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Whether you work in finance or fashion, physics or a philanthropy, there are some basic needs for a corporate wardrobe. Maybe you will speak at a conference, possibly you will be interviewing for a new position, possibly you are traveling on business. Below are the top six things I have learned over the years in different fields, to be the items necessary for a completely polished, professional wardrobe. These items are the pieces I see women most often NOT own and by not owning it usually diminishes their professional appearance.
1. A Suit. Seriously, you should own a suit. While a crisp shirt and trousers or a simple dress will work for most work events, there is always that situation where you wished you had a suit. Possibly you’re being interviewed on TV, or maybe you’re speaking at a conference. Maybe you’re chosen to give clients a tour of the facility, or you’re having your headshot taken for the company website. Murphy’s Law, if you don’t own a suit a situation will arise where one is necessary.
Skirt suits are no longer a necessity, and they leave you wondering about appropriate footwear, if hosiery is necessary, and the proper length or need for a slip. I deal with conservative government clients and find none of them blink at a woman in a pantsuit. If you choose black, it’s extremely versatile, slimming, seasonless, and less likely to look dated in a couple of years. Buy quality – a cheap suit looks cheap from a mile away. No need for designer, you can find sale suiting quite easily at chain retailers like Ann Taylor, Lord & Taylor, and J. Crew.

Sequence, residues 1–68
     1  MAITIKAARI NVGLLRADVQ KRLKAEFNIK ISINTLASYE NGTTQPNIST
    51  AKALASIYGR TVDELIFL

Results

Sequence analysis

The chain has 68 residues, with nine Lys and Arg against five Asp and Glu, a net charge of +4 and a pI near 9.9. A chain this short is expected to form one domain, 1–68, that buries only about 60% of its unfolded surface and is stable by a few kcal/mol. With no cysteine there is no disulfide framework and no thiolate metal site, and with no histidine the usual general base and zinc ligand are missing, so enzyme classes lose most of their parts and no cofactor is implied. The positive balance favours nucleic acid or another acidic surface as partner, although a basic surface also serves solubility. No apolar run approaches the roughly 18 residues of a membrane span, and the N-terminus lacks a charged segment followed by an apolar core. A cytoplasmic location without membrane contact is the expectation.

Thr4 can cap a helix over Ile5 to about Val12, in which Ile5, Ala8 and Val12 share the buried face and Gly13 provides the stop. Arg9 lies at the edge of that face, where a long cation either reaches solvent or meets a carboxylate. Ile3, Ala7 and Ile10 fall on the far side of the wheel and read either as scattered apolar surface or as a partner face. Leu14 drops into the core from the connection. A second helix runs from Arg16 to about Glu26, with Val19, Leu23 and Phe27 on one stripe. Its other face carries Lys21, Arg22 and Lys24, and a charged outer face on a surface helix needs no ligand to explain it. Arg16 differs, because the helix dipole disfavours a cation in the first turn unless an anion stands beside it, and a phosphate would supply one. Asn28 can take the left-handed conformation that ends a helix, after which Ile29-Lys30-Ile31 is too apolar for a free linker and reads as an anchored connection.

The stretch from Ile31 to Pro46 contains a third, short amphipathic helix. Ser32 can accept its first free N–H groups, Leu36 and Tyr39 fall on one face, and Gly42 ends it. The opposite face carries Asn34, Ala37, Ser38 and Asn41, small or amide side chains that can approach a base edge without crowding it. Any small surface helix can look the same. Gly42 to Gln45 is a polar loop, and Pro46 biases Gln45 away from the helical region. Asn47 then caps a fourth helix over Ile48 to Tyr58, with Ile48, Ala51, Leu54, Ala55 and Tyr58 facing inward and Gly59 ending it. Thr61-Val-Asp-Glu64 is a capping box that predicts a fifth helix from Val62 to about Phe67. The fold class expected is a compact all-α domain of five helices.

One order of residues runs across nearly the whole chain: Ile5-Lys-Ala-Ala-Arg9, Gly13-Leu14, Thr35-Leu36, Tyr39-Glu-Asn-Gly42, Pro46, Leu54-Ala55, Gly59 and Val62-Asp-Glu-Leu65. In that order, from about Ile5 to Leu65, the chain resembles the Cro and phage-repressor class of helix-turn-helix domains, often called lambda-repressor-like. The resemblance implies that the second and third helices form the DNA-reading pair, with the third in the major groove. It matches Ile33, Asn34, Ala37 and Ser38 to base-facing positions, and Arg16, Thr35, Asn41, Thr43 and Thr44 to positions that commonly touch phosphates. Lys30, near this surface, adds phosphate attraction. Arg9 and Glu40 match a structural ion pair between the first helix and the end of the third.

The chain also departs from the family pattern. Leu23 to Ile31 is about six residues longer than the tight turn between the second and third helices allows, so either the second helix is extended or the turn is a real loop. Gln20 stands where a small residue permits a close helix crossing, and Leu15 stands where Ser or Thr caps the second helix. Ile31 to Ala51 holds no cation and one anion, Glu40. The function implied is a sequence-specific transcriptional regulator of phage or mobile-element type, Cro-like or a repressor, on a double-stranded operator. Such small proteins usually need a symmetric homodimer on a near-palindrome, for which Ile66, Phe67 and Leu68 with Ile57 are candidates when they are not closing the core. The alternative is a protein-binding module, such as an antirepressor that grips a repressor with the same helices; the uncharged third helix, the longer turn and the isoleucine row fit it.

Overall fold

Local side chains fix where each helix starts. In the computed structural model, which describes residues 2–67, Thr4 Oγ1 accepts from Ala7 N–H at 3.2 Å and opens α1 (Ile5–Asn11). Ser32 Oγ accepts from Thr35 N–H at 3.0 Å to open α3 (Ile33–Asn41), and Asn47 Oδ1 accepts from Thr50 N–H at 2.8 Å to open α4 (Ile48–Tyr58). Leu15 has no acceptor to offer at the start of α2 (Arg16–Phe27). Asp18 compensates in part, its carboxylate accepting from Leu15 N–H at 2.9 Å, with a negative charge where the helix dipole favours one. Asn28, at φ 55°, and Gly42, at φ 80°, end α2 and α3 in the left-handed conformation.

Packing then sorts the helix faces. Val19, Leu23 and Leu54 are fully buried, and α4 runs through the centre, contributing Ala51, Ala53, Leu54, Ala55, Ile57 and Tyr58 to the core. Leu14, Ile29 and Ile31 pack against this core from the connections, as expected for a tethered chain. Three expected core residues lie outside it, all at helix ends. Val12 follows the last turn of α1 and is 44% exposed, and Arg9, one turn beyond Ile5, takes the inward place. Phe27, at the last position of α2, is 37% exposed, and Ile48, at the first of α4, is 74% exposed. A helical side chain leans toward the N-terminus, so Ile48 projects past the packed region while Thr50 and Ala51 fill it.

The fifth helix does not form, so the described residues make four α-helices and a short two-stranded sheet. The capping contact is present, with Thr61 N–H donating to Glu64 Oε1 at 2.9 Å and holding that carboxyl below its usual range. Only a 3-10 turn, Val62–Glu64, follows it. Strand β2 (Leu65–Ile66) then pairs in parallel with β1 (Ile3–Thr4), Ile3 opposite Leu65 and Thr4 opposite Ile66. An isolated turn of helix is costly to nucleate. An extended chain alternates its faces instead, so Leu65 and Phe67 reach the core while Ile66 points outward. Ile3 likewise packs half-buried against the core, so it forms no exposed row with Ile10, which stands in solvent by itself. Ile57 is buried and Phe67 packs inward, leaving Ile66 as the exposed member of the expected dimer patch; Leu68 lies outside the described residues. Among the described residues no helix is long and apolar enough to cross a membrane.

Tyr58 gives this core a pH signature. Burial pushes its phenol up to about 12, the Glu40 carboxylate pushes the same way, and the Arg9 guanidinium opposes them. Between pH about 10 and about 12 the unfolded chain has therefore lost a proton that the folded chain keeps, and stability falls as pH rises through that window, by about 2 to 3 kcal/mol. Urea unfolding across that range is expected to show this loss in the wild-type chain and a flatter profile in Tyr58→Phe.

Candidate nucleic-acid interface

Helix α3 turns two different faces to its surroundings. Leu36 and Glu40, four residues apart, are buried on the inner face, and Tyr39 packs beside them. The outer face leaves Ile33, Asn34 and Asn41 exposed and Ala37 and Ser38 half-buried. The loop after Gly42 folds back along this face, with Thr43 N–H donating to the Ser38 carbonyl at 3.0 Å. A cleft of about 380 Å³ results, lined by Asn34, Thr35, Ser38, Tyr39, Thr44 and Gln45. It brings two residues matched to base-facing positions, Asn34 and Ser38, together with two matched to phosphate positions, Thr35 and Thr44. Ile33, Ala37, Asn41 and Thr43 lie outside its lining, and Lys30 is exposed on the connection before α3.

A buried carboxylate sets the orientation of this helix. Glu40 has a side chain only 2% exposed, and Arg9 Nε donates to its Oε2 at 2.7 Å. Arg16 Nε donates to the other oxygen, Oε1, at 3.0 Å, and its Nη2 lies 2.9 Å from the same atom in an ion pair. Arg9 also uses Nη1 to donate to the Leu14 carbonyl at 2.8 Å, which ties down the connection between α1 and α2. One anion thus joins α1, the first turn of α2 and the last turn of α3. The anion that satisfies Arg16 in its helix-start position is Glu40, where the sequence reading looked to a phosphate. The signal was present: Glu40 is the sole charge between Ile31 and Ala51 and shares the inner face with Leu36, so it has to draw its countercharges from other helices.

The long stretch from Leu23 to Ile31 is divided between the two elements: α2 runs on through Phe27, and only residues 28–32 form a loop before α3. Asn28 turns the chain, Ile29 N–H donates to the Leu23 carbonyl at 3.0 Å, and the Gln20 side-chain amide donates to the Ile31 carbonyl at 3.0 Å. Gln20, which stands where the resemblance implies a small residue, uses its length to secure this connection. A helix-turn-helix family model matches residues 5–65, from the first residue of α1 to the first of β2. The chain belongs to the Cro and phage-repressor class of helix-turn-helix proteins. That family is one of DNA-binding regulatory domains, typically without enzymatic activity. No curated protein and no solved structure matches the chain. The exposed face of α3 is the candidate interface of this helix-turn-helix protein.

2. A Simple Leather Tote Bag. This item is the inspiration for this post. The other morning I was walking past the Mayflower Hotel and I saw a woman leading a group of individuals, most likely from the hotel to a place for breakfast. It was all men in gray and navy suits looking confused, and this woman, on a cell phone, looking extremely competent and in control. Sleek bob, a black skirt suit with cobalt blouse, expensive black pumps… and a canvas and lemon yellow patent leather tote bag with a stain on it.